A few weeks ago, my 10-year-old, Dylan, came home incredibly upset. He had been talking to his friends at school, and when the topic inevitably turned to Chris Webber, one of them said Webber was a rare talent who dominated on both ends of the floor. “But I thought you said Chris Webber used his flashy play to mask his subpar defense and court vision,” Dylan said to me when he came home, nearly in tears.

What happened to my son is sadly all too common across this country, and it has to change. We need to stop teaching our kids that it’s acceptable to think Chris Webber was a complete basketball player.

At the end of the day, if we don’t talk to our children about Chris Webber, they’re going to hear about him at school, where you can’t control how Chris Webber will be discussed. They will hear all sorts of misguided claims about Chris Webber, like that he carried the Sacramento Kings to the 2001 Western Conference Finals—claims that, as adults, we know are untrue, but that kids, who don’t know any better, will believe.

No one’s saying that Chris Webber wasn’t a very talented basketball player (I’m certainly not saying that). He was often an offensive threat who could make his own shot. But to go any further than that is to send a confusing and ultimately harmful message to our kids.

…if we don’t talk to our children about Chris Webber, they’re going to hear about him at school…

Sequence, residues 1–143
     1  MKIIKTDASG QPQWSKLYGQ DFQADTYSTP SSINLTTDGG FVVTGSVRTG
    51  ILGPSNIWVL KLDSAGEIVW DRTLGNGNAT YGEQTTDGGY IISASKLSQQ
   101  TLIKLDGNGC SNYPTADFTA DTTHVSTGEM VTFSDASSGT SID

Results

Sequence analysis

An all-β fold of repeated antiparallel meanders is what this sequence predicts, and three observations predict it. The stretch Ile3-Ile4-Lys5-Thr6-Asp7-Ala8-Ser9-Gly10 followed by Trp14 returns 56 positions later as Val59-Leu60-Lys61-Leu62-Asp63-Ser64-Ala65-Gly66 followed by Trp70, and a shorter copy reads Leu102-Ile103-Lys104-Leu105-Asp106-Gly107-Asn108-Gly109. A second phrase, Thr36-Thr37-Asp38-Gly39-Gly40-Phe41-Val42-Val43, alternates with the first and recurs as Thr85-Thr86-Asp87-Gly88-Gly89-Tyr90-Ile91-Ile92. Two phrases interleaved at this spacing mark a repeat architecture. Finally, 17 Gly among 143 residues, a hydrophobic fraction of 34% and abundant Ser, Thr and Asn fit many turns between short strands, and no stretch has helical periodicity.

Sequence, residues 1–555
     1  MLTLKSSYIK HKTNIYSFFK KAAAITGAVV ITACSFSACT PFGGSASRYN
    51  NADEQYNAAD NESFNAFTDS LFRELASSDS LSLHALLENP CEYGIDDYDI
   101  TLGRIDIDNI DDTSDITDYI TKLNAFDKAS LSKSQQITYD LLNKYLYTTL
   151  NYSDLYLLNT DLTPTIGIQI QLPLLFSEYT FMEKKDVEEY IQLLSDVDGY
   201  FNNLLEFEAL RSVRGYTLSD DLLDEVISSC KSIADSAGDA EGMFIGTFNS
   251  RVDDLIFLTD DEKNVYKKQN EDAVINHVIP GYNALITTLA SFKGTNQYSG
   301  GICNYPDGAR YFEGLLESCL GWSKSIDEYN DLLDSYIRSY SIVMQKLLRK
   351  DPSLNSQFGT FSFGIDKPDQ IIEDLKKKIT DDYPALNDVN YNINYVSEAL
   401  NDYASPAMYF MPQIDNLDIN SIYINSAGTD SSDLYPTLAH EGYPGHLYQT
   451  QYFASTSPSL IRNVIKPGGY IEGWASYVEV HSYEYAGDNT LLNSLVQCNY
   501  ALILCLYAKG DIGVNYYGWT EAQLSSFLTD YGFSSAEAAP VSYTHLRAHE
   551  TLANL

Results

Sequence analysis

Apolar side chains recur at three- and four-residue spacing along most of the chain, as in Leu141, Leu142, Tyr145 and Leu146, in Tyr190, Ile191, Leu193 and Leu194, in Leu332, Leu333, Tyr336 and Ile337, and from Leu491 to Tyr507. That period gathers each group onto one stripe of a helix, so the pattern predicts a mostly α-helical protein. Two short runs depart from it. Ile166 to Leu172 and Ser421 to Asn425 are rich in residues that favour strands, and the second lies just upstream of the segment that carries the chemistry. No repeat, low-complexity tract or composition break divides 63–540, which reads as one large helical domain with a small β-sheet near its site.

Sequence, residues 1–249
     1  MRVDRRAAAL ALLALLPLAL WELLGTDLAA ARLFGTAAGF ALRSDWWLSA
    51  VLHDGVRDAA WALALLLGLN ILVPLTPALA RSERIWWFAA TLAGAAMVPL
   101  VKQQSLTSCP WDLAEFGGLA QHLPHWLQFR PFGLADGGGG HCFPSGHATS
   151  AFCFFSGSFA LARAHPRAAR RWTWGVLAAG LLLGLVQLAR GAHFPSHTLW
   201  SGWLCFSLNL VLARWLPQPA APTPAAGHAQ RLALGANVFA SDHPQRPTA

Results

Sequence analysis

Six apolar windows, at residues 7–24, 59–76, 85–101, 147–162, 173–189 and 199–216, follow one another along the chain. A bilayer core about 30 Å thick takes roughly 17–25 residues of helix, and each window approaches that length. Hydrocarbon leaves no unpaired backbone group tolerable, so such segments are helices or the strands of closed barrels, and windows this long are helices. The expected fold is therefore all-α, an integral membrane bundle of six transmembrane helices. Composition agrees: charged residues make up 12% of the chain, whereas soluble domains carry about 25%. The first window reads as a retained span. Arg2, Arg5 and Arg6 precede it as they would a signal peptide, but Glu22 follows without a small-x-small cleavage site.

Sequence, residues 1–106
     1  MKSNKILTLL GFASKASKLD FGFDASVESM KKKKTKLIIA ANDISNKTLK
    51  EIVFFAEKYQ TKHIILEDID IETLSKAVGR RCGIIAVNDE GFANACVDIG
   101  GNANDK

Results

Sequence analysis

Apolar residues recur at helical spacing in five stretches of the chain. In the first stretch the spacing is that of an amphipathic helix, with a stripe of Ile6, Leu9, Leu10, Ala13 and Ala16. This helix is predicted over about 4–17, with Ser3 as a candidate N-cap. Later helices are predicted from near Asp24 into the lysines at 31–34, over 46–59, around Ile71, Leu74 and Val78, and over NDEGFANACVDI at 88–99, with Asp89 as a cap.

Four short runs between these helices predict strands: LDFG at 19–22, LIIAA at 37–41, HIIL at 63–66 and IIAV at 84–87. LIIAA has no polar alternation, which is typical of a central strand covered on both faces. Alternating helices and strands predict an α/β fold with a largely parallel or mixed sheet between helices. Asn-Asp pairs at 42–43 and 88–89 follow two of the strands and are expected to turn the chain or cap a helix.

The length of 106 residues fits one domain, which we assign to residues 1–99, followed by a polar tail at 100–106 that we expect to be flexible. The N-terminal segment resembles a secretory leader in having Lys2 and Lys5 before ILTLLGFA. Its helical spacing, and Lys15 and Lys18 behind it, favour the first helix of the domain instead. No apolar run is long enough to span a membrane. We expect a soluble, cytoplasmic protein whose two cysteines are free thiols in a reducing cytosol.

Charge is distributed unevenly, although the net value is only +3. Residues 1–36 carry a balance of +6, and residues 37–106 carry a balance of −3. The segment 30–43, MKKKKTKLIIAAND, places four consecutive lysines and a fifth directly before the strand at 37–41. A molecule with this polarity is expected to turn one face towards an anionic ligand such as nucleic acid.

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The NBA and the Kings organization have done little to make discussing this tough subject any easier. Not only did the NBA permit Chris Webber to get selected for the NBA All-Star Game five times, but the Kings retired his number. What kind of message does that send to our children?

Any sportswriter who puts Chris Webber on a 2000s All-Decade team is just trying to stir up controversy, and it’s hurting our kids. Would you want your son or daughter to be exposed to an article ranking Chris Webber ahead of the likes of Kevin Garnett, Dirk Nowitzki, and Tim Duncan? I know I’d be very upset if Dylan had to see something like that.

Here are some talking points if you get stuck in your conversation with your preteen:

  • Chris Webber chased blocked shot stats over playing tough-nosed team defense
  • Intangibles count: Chris Webber always cracked under pressure
  • Mike Bibby made Chris Webber look better than he was
  • Chris Webber would have been a great role player on the 2000-2001 76ers team supporting Allen Iverson
  • Bad knees
  • Anyone with the audacity to compare Chris Webber to Charles Barkley is not someone you should be hanging around with

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Your kids will listen to you when you say that Chris Webber was a good player, but that building a team around him was a consistent recipe for mediocrity. Even if they roll their eyes, they will respect what you have to say about Chris Webber’s overrated abilities and what his rightful place in basketball history should be. It’s not an easy conversation to have, but it’s an important one. I had a long Chris Webber talk with Dylan, and now we both feel better. I urge you to do the same.